Now Peter’s mother, Buff Momma, had stopped at the mall on her way home from Tae-Bo class and had new spring clothes and sneakers for Peter, his sister, Topsey, and his brother, Turvey.

“Wow, new FUBU!” the buns exclaimed as they tried on their stuff.

“Can we wear them outside Mom, can we?”

Topsey and Turvey pleaded and begged so hard that Buff Momma finally gave in with a sigh.

“Okay, but you’d better stay right here in the yard and don’t you dare get a thing on them or mess them up, Y’hear?”

Out the buns went, bouncing with joy as only brown and white tailed bunnies with new hip hop clothes can do. But it wasn’t long before Peter concocted a different plan. You see, Peter was feeling pretty cool and all, and the sudden urge to do a little rapping in Mr. McGregor’s music studio just around the corner popped into his head and wouldn’t unpop.

“Hip Hop Pippity Pop, Name’s Peter and I’m on Top.”

“C’mon,” Peter begged his siblings, “We’ll just sneak in for one quick rhyme and hop right on home. I promise.”

“Hip Hop Bippity Bop, No Rapp If Caught By Pop…”

Topsey and Turvey were hesitant, but the thought of being in the very place where all the musicians hung out just got the best of them and so, before you could so much as twitch your nose a time or two, they were gone.

Outside the studio was a silver sign that read “Garden Recordings…with little peas and juices for all” It was in the shape of a giant CD, the center of which was painted with tomatoes, carrots, beans, lettuce, and squash–all the things the buns loved to eat. Inside the lobby the walls were lined with gold trophies and records and other awards that the buns speculated must have been worth dillions of dollars. The newest gold record belonged, of course, to Broccoli Spears–the buns’ fave.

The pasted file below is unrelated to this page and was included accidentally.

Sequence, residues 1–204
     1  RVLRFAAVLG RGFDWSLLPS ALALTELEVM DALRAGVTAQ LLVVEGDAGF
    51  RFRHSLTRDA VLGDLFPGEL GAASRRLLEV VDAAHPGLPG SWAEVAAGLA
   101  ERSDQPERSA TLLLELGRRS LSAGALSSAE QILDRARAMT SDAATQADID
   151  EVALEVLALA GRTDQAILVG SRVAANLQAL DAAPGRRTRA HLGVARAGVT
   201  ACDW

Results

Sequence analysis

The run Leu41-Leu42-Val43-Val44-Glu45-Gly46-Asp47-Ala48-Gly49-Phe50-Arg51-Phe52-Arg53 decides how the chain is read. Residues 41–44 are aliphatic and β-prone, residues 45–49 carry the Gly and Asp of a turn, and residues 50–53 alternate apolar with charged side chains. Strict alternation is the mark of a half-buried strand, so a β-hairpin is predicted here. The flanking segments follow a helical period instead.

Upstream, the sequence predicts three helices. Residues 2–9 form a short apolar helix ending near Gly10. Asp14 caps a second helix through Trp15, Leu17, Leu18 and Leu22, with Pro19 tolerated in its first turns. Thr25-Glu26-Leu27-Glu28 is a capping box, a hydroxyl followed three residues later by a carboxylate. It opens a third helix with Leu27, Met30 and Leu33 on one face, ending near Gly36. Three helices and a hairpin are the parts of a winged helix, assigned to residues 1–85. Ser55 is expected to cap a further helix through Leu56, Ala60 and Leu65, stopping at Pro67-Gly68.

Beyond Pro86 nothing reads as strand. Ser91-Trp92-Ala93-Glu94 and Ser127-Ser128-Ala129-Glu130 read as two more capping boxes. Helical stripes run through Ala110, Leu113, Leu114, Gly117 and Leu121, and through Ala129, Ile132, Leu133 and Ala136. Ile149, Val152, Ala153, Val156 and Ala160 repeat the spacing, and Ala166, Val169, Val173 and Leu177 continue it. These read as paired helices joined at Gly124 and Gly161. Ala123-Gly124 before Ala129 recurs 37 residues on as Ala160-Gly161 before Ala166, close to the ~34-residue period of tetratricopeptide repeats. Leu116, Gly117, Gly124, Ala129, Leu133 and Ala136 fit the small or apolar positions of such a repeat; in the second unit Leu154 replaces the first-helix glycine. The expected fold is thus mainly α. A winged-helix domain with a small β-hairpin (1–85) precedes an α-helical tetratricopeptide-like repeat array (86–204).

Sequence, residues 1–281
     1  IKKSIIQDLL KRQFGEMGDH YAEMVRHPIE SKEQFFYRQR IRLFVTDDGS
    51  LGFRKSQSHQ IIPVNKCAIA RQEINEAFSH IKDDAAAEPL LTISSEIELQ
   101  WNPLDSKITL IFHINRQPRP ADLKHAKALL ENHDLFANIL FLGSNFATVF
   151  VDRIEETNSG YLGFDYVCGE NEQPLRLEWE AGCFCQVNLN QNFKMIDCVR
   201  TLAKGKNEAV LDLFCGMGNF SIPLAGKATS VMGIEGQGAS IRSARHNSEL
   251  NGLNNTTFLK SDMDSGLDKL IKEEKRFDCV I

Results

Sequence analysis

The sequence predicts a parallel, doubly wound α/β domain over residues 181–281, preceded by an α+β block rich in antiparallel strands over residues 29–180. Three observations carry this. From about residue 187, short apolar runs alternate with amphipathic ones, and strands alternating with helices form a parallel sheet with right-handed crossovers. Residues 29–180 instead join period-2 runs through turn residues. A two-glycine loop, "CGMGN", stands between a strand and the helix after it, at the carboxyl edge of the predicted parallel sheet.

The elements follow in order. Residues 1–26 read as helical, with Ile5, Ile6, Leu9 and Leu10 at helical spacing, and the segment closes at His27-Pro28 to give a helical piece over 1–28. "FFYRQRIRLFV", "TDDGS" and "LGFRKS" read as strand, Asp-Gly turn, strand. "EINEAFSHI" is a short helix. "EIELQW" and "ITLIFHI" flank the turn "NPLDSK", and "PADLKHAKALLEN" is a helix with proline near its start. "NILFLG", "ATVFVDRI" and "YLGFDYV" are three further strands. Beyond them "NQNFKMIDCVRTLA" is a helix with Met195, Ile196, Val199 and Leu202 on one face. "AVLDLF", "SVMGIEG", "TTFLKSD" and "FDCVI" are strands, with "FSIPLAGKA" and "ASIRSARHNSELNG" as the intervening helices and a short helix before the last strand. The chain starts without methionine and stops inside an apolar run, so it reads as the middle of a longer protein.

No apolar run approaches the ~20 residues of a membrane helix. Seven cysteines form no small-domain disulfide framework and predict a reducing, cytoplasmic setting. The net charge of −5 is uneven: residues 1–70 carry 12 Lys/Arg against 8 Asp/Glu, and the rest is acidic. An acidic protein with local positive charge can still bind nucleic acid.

“Shhhh!” Peter warned as the threesome snuck into the actual recording room, which was a clutter of microphone stands, wires, drums and musical instruments of all sizes and shapes. Peter stepped up to a mic and rubbed his nose. To his surprise his perked up ears heard a rustling noise come out of the huge speakers suspended in the corners of the studio.

“Hippiddy, Hoppiddy, 1, 2, 3…” Peter’s amplified words bounced off the walls like little sound bites being chewed. By this time Topsey and Turvey had moved closer until they were standing like backup singers behind Peter, who began to rapp a song he’d made up upon the spot.

“Well I really luv rapp and it’s plain to see I’m about to make rapp music history– o yeah…..o yeah…..o yeah!”

Just then a door slammed and a man yelled out, “McGregor’s the name and music’s my game. What are you flopears doing in here?” And with that he lit out after them. Topsey and Turvey, being closest to the exit door, made good their escape and hi-tailed it on home. But Peter Rapp-It, alas, was not so fortunate. He snagged his new jacket on a piece of speaker wire and tore a big hole in the arm. Even worse, he caught his left sneaker under the foot of the piano and it popped right off. But with Mr. McGregor in hot pursuit he didn’t have time to retrieve it. In fact, he was barely able to get out the door before Mr. McGregor caught up with him.

“Hare Today, Gone Tomorrow,” McGregor said as he shook his head at Peter skittering up the street.

By the time Peter returned home Topsey and Turvey had spilled the green beans about their escapade to Buff Momma who was, to say the least, not a happy camper.